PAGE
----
The review is being conducted by the European Food Safety Authority (EFSA) on the basis of information supplied by Member States (MS). All MS were required to submit details of Good Agricultural Practices (GAPs) for their approved uses. These were submitted to the rapporteur MS who is responsible for identifying the critical GAP that determines the MRL. The GAPs and summary details of the supporting data were then submitted to EFSA.
These submissions to EFSA are now being reviewed and EFSA will notify the MS when a ‘draft Reasoned Opinion’ on the current MRLs for each active substance is adopted.
During 2010, four regulations were published amending EU MRLs for a certain number of active substances:
- COMMISSION REGULATION (EU) No 893/2010 of 8 October 2010 amending Annexes II and III to Regulation (EC) No 396/2005 of the European Parliament and of the Council as regards MRLs for acequinocyl, bentazone, carbendazim, cyfluthrin, fenamidone, fenazaquin, flonicamid, flutriafol, imidacloprid, ioxynil, metconazole, prothioconazole, tebufenozide and thiophanate-methyl in or on certain products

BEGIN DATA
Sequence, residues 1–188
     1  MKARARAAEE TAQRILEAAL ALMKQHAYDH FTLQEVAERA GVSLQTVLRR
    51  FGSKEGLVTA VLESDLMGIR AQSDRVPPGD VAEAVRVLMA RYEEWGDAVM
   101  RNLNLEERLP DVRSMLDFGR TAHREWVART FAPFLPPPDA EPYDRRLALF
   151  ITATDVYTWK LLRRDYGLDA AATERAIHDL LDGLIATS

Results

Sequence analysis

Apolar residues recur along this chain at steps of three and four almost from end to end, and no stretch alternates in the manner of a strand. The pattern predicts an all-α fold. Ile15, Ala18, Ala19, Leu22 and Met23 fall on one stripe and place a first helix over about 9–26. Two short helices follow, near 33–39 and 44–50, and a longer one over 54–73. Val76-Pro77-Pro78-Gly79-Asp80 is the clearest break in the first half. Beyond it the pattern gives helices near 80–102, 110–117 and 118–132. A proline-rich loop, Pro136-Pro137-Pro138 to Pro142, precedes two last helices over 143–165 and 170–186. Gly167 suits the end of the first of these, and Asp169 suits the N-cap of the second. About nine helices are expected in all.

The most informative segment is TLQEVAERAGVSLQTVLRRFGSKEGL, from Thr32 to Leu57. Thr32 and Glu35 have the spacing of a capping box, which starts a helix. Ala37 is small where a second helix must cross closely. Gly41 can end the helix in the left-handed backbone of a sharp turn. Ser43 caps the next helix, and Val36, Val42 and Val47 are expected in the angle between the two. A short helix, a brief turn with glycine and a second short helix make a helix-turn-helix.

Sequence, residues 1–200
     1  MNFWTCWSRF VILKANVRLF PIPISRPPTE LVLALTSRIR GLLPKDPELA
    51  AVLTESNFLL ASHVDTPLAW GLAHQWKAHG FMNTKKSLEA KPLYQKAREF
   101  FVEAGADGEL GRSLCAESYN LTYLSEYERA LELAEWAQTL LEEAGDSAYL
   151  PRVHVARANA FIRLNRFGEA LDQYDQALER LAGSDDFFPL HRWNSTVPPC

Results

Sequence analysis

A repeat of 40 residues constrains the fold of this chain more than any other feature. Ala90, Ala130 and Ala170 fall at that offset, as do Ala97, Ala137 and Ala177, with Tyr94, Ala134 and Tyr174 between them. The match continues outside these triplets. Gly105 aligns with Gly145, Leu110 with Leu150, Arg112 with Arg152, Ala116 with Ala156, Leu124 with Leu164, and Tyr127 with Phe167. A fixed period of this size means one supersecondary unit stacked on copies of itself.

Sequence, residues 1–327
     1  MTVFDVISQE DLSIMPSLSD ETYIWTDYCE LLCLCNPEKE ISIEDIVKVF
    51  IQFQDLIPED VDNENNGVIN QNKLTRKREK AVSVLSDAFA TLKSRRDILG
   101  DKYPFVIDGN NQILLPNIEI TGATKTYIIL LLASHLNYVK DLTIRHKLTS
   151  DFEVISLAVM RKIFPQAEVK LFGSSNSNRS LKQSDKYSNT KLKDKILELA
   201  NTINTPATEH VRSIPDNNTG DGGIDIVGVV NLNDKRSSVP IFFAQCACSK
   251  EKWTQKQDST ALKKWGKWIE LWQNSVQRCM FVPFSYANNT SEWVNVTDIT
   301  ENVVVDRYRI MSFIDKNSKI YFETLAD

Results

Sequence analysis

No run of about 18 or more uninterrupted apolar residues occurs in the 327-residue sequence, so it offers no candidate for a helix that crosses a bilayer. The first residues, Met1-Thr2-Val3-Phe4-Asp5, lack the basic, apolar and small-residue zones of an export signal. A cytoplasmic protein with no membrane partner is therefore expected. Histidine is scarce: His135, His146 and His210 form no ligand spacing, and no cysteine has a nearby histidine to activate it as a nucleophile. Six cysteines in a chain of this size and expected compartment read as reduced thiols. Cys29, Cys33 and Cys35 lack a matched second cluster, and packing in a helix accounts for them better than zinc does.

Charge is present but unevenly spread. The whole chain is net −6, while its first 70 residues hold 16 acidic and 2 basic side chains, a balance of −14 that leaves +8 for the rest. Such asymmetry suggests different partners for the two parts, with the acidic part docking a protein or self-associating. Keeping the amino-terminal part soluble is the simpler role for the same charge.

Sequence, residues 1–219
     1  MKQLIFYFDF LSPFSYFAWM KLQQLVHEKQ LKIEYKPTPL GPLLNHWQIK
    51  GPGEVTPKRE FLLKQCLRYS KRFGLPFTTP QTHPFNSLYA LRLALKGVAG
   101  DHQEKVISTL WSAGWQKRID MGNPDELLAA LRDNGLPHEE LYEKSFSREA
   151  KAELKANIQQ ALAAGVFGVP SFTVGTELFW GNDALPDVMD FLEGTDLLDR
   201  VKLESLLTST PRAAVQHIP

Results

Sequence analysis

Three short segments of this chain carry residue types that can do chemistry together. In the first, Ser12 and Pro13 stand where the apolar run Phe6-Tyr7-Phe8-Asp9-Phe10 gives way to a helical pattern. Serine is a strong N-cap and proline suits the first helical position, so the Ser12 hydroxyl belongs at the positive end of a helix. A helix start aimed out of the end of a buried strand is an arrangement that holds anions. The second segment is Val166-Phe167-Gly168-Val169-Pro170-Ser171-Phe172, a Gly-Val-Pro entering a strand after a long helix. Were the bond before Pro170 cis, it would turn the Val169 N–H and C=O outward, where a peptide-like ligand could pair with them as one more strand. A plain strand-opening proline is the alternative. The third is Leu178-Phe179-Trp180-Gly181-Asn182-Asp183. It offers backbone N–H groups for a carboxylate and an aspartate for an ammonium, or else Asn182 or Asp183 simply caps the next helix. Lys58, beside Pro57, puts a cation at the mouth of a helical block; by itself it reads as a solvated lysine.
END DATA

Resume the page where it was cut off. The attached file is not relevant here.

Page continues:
- COMMISSION REGULATION (EU) No 765/2010 of 25 August 2010 amending Annexes II and III as regards MRLs for chlorothalonil clothianidin, difenoconazole, fenhexamid, flubendiamide, nicotine, spirotetramat, thiacloprid and thiamethoxam in or on certain products
- COMMISSION REGULATION (EU) No 750/2010 of 7 July 2010 amending Annexes II and III as regards MRLs for: acibenzolar-S-methyl, amisulbrom, ametoctradin, azoxystrobin, bixafen, dimethomorph, dithiocarbamates (mancozeb), fipronil, fludioxonil, imazalil, prohexadione, pyraclostrobin, thiacloprid , pirimicarb, prosulfocarb, tebuconazole, triclopyr and valiphenal in or on certain product